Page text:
1. Have you "tripped the wire" into thinking the unpardonable sin?


    3. Read John 16:7-8. This is a review of what we have studied in earlier lessons in this series. What is one of the primary works of the Holy Spirit? (To convict the world of sin, righteousness and judgment.)


    4. Read Jude 1:17-19. If a person cannot distinguish between their "natural instincts" and the conviction of the Holy Spirit, what kind of spiritual future do they have?


    5. What does this suggest about the nature of the unpardonable sin: is it a single act? Or, is it a gradual process of refusing to listen to the Holy Spirit until you cannot distinguish between natural instincts and the prompting of the Holy Spirit?


      1. Is it possible that at some point the Holy Spirit will simply stop working with a person?
      2. Read Genesis 6:3 because I know these words are going to pop into your mind as an answer to the previous question. This text seems to say that the Holy Spirit will not "contend forever" with a person. What is the length of the time of this contention? (The person's entire life! This text seems to say that the Holy Spirit leaves the field of battle for an individual when that person dies. On close examination, the text does not seem to say what you thought it said, right?)


    6. Read Hebrews 10:26-29. Recall last week our discussion of Romans 7:14-24? How do you reconcile these two Bible passages? (Paul says that he finds himself doing the things he does not want to do. Hebrews says that if you keep on sinning you are toast - no sacrifice for sins is left. The key to this apparent conflict is found in Hebrews 10:26 "if we deliberately keep on sinning." Paul clearly did not want to keep on sinning. It is hard to describe his sin as "deliberate.")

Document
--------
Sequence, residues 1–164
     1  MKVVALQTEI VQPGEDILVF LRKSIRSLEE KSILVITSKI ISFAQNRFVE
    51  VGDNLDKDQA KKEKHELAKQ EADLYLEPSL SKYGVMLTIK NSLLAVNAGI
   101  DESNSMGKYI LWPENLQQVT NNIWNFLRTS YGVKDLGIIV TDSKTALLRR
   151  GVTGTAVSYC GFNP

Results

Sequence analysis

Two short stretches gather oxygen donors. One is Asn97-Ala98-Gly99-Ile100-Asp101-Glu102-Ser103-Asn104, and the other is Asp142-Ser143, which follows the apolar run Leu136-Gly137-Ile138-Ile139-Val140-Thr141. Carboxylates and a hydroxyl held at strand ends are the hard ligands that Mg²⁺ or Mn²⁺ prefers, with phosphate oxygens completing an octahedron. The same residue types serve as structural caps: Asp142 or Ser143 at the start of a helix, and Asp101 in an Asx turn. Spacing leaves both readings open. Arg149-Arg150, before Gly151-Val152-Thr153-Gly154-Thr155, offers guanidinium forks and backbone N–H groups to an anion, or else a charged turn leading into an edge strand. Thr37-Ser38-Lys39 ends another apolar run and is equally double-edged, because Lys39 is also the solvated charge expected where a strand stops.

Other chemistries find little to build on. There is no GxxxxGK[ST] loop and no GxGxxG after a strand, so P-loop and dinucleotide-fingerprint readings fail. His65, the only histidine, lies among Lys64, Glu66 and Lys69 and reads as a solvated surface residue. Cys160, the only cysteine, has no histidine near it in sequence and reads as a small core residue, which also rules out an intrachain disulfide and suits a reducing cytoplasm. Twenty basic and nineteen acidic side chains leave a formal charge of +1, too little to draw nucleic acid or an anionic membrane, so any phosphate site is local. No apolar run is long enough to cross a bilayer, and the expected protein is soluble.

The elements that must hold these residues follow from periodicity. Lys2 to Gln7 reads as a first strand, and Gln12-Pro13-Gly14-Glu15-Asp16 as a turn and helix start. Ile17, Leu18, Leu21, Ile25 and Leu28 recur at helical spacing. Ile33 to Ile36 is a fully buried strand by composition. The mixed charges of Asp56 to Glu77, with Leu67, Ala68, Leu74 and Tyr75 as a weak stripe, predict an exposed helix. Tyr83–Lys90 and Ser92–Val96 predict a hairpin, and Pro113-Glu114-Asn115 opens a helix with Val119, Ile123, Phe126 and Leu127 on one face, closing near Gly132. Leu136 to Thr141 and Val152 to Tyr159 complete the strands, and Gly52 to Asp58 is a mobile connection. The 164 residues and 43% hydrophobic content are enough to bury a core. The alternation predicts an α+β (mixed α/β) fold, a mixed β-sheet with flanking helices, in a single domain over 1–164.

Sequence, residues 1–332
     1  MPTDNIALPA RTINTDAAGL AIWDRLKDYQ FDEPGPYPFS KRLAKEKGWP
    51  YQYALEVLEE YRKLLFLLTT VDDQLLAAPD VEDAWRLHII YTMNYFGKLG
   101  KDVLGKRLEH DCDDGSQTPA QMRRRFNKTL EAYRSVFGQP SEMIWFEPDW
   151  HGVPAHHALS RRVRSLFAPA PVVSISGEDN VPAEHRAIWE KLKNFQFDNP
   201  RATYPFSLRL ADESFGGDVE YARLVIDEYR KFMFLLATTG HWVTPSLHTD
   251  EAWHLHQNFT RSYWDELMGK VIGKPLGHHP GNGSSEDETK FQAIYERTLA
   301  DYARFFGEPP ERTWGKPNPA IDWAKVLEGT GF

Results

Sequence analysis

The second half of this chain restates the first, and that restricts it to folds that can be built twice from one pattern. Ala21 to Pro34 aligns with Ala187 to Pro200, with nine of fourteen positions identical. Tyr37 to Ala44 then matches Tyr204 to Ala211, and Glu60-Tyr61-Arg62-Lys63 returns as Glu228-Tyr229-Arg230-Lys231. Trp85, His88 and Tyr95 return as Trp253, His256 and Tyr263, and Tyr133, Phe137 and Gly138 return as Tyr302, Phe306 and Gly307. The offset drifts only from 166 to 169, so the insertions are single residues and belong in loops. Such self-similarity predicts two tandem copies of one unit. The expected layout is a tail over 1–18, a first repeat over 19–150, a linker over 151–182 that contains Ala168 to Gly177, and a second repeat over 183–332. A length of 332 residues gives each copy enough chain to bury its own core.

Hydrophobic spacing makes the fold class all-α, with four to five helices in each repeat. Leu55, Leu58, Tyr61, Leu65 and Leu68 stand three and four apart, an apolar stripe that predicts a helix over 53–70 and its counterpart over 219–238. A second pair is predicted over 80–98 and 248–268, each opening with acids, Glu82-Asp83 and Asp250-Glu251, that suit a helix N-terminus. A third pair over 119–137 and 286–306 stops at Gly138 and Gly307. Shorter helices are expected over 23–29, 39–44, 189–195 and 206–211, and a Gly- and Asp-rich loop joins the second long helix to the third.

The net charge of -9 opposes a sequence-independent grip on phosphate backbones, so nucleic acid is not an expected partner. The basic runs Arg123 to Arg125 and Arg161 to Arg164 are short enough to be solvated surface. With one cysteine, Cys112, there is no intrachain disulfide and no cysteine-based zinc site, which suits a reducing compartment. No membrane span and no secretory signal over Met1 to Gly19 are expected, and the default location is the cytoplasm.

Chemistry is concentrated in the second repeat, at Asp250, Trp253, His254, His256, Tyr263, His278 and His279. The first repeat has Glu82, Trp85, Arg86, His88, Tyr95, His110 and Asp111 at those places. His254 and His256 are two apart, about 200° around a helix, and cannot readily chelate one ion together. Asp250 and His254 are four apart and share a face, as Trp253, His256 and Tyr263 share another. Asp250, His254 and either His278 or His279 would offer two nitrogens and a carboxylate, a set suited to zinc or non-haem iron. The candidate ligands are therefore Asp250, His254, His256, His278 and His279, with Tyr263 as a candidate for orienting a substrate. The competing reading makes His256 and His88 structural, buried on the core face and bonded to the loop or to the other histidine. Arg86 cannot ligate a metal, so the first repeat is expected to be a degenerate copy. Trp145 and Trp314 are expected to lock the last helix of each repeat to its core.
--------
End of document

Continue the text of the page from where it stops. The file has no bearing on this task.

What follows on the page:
1. Do you have any deliberate sins?


      2. Notice in Hebrews 10:29 the phrase "who has insulted the Spirit of grace?" What does this mean? (The picture in Hebrews is of a person who has refused to listen to the Holy Spirit to the degree that it is insulting. This person deliberately keeps on sinning after knowing the truth. The conclusion is that the unpardonable sin is a gradual, deliberate matter. The person comes to the point where they no longer listen or want to listen to the Holy Spirit. At that point, they have made the decision to cross over into eternal death.)


    1. Friend, will you pray to be open to the Holy Spirit? Will you determine to have a "soft heart" which seeks God's will and desires to do His will?


  1. Next week: The Holy Spirit in the Last Days.
* Copr. 2006, Bruce N. Cameron, J.D. All scripture references are to the New International Version (NIV), copr. 1973, 1978, 1984 International Bible Society, unless otherwise noted. Quotations from the NIV are used by permission of Zondervan Bible Publishers. Suggested answers are found within parentheses. The lesson assumes the teacher uses a blackboard or some other visual aid.

© 2014 Bruce N. Cameron, J.D.
Website by Blake Cameron, M.D.